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Iaşi

city in Iași County, Romania
(Redirected from Iasi)

Iaşi is a city in the northeastern part of Romania. It is the second largest city in Romania as of the year 2007.[8] Iaşi used to be the capital of Moldavia.

Iași

Jassy
Iassy
From top left: Palace of Culture, Vasile Alecsandri Statue in front of the National Theatre, Alexandru Ioan Cuza University, Golia Tower, Metropolitan Cathedral, and the Botanical Garden
Coat of arms of Iași
Coat of arms
Nickname(s): 
The Cultural Capital of Romania, The City of Great Loves, The City of the Famous Destinies, The City of Great Ideas, The City of the Three Unions, The City on Seven Hills[1][2][3][4]
Iași is located in Romania
Iași
Iași
Location of Iași within Romania (in red)
Coordinates: 47°09′25″N 27°35′25″E / 47.15694°N 27.59028°E / 47.15694; 27.59028Coordinates: 47°09′25″N 27°35′25″E / 47.15694°N 27.59028°E / 47.15694; 27.59028
Country Romania
CountyActual Iasi county CoA.png Iași
StatusMunicipality
SettledBefore 14th century
First official record1408
Government
 • MayorMihai Chirica (Independent)
Area
 • County Seat93.9 km2 (36.3 sq mi)
 • Metro
808 km2 (312 sq mi)
Elevation
60 m (200 ft)
Population
 (2011 census)[6]
 • County Seat290,422
 • Estimate 
(2016)[7]
362,142 Increase
 • Density3,092/km2 (8,010/sq mi)
 • Metro
474,035[5]
Time zoneUTC+2 (EET)
 • Summer (DST)UTC+3 (EEST)
Postal Code
700xxx
Area code(s)+40 x32
Car PlatesIS
ClimateDfb
Websitewww.primaria-iasi.ro

HistoryEdit

 
Golia Monastery

Alexandru Lăpuşneanu changed the capital of Moldavia from Suceava to Iaşi in 1564. One of the first churches to be built in Moldavia was built by the Greek adventurer Prince Ioan Iacob Heraclid.

The Tatars burned the city down in 1513. The Ottoman Empire also burned the city down in 1538 and people from the Imperial Russian army did so again in 1686. As if that weren't enough for the people of Iaşi, the plague spread throughout the city in 1734.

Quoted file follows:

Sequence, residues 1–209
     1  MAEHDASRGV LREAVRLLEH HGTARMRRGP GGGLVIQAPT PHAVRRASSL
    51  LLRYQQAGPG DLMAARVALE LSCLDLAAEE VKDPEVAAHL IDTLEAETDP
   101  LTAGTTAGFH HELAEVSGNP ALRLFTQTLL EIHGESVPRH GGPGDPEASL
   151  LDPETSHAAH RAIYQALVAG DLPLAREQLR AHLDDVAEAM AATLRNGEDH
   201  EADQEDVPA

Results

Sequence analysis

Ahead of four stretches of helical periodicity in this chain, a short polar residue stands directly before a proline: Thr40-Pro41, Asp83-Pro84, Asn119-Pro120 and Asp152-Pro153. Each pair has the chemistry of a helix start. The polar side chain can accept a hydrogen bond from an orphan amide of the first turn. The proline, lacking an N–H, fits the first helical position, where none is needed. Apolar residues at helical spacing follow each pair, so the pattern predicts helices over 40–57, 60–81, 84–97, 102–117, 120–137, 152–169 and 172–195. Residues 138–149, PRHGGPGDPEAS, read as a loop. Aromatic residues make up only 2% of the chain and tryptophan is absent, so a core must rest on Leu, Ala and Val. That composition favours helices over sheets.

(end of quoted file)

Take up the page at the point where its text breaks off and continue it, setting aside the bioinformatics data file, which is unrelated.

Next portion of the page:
The Russo-Turkish War of 1787 was stopped when the Peace of Iaşi happened. Alexander Ypsilanti and the Filiki Eteria came into the city and took it in 1822.

Iaşi was the capital of Moldavia from 1568 to 1859. When World War I happened, Iaşi became the capital of Romania. This happened when the Central Powers took Bucharest on 6 December 1916. Bucharest became the capital again when Imperial Germany was defeated.

GeographyEdit

Iaşi can be found on the Bahlui River, which is a tributary of the Jijia. Forests and uplands are very common. These woods and hills include the monasteries of Cetăţuia, Frumoasa, and Galata. People have thought that Iaşi was built on seven hills (Cetăţuia, Galata, Copou-Aurora, Bucium-Păun, Şorogari, Repedea and Breazu in Romanian).

PopulationEdit

The population of Iaşi has changed a bit over the years:

  • 1859: 50,000
  • 1900: 78,000
  • 1930: 102,872
  • 1948: 96,075
  • 1966: 161,023
  • 1977: 265,002
  • 1992: 344,425
  • 2002: 320,888
  • 2004: 317,812 (Since July 4, 2004, the second-biggest city)[9]
  • 2006: 306,000 (the third-biggest city)[10]
  • 2007 (July 1st): 315,214 (second biggest city)[8]

Sister citiesEdit

ReferencesEdit

  1. "1000 lei 1998 – 80th anniversary of the Great Union of 1918". Romanian Coins.org. Retrieved 24 September 2016.
  2. "Iași, the cultural city" (in Romanian). Archived from the original on 2 August 2012. Retrieved 24 September 2016. Cite uses deprecated parameter |deadurl= (help)
  3. "About Iaşi" (in Romanian). La Iaşi. 2002. Retrieved 24 September 2016.
  4. "Romanian Cities" (in Romanian). Tarom. Archived from the original on 2011-03-05. Cite uses deprecated parameter |deadurl= (help)
  5. "Population on 1 January by age groups and sex - functional urban areas". Eurostat. Retrieved 29 October 2017.
  6. "Population at 20 October 2011" (in Romanian). INSSE. 5 July 2013. Retrieved 4 May 2015.
  7. "Populaţia României pe localitati la 1 ianuarie 2016" (in Romanian). INSSE. 6 June 2016. Archived from the original on 2017-10-27. Retrieved 27 October 2017. Cite uses deprecated parameter |dead-url= (help)
  8. 8.0 8.1 "Populatia la 1 iulie 2007" (in Romanian). National Institute of Statistics. 2007-07-01. Retrieved 2008-04-30.
  9. "Romania in cifre (see page 9)" (PDF).
  10. http://www.insse.ro/cms/files/statistici/comunicate/alte/Comunicat%20ziua%20populatiei%202006%20doc.pdf

Other websitesEdit